Is the Google Pixel Watch as good as a Garmin for hikers?

Woman checking her GPS watch while hiking
(Image credit: Getty)

Update: Garmin has released several new watches in recent months, including the Forerunner 965 and Instinct Crossover, so we've refreshed this guide to make sure it's up to date. 

Google unveiled its first smartwatch in October 2022, and it came equipped with some pretty impressive fitness credentials, but just how good is the Google Pixel Watch for hikers, and is there a chance that it might replace your Garmin watch for outdoor adventures?

The short answer is no, particularly if you're likely to be giving your watch some seriously rough treatment on crags and cliffs, but it you're not planning anything extreme then it's worth taking a moment to weigh up your options all the same.

Before we get started, it's important to note that the Google Pixel Watch is strictly for Android phone users, in much the same way that Apple Watches are exclusively compatible with iPhones. If you own an iPhone, check out our review of the new Apple Watch Ultra instead.


Unlike most Garmin watches or the Apple Watch Ultra, the Google Pixel Watch isn't designed specifically with outdoor use in mind, In fact, Sandeep Waraich, director of product management for Pixel Watch, specifically advises against using it for sports like rock climbing where it's likely to take its share of knocks.

That's mostly due to its distinctive curved lens, which bends light so the AMOLED display appears to go right up the edge of the case. It looks great, but is vulnerable to damage.

Several Garmin watches also have AMOLED displays (including the Garmin Epix, Marq Adventurer (Gen 2), and Venu 2), but these are protected by a tough bezel to guard against knocks, and don't have the same curved shape.

It's also worth noting that the Pixel Watch uses Corning Gorilla Glass rather than the sapphire crystal you'll find covering the face of most outdoor GPS watches. It's still a tough material that's not going to crack any time soon, but less resistant to scratches.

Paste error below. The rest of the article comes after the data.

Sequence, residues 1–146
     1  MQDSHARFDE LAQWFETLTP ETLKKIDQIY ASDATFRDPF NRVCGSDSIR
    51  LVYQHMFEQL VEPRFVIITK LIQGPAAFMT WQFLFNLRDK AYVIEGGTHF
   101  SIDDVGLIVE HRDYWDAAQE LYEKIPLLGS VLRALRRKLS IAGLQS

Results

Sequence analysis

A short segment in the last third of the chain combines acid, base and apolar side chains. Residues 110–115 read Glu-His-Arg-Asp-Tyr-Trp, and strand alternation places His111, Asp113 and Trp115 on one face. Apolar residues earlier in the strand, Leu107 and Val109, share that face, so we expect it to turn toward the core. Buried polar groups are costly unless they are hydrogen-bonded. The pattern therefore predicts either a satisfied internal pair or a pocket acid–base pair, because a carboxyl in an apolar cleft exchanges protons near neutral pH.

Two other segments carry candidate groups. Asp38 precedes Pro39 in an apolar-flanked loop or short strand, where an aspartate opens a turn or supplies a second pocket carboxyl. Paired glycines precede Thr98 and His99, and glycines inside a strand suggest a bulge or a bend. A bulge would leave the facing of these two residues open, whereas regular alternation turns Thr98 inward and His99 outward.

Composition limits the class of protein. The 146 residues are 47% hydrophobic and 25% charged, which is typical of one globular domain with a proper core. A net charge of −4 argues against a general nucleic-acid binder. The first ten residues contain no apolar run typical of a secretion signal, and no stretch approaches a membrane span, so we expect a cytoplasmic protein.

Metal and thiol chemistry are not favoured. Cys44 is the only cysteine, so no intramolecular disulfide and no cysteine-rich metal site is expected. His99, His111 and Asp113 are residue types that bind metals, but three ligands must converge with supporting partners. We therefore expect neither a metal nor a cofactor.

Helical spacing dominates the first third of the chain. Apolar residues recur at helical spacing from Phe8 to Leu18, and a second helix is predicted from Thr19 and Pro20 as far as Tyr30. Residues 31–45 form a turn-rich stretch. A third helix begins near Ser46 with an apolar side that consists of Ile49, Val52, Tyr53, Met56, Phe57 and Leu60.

There'll be no diving, kiteboarding, or surfing with the Google Pixel Watch, either. It's rated to 5atm, which means it should be fine for swimming, handwashing, and general splashing, but shouldn't be subjected to anything more extreme. It's not rated for dust and shock resistance; this is no G-Shock alternative.

Google Pixel Watch with various band options

The Google Pixel Watch has a curved Gorilla Glass lens that gives the impression of a larger display, but is more exposed and vulnerable to damage (Image credit: Google)

The case is made from 80% stainless steel, which should make it tougher than many smartwatches, which often use aluminum to keep weight to a minimum. Not at bulletproof as the fiber-reinforced resin of the Garmin Instinct series, but robust nonetheless, and undeniably more attractive.

The Pixel Watch has two physical controls: a large crown that projects from the right-hand edge of the case, with a small button above it. All other interactions are carried out using that rather nice touchscreen. My general attitude when it comes to buttons on watches is 'the more the merrier' (using a touchscreen while bouncing around mid-run is an exercise in frustration), but the crown looks nicely textured and should be easy enough to operate with clumsy cold or gloved fingers. If this and the button work in a logical way so you use key functions with the touchscreen temporarily disabled, it could be a winner.


The Google Pixel Watch runs Google's own smartwatch operating system, Wear OS. This is already used by various smartwatches, including models by Mobvoi, Fossil, and Ticwatch, and gives you access to a pretty impressive range of apps from Google and third-party developers. You don't get as many options as you would with an Apple Watch, but there's much more choice than you'll get with Garmin's Connect IS store.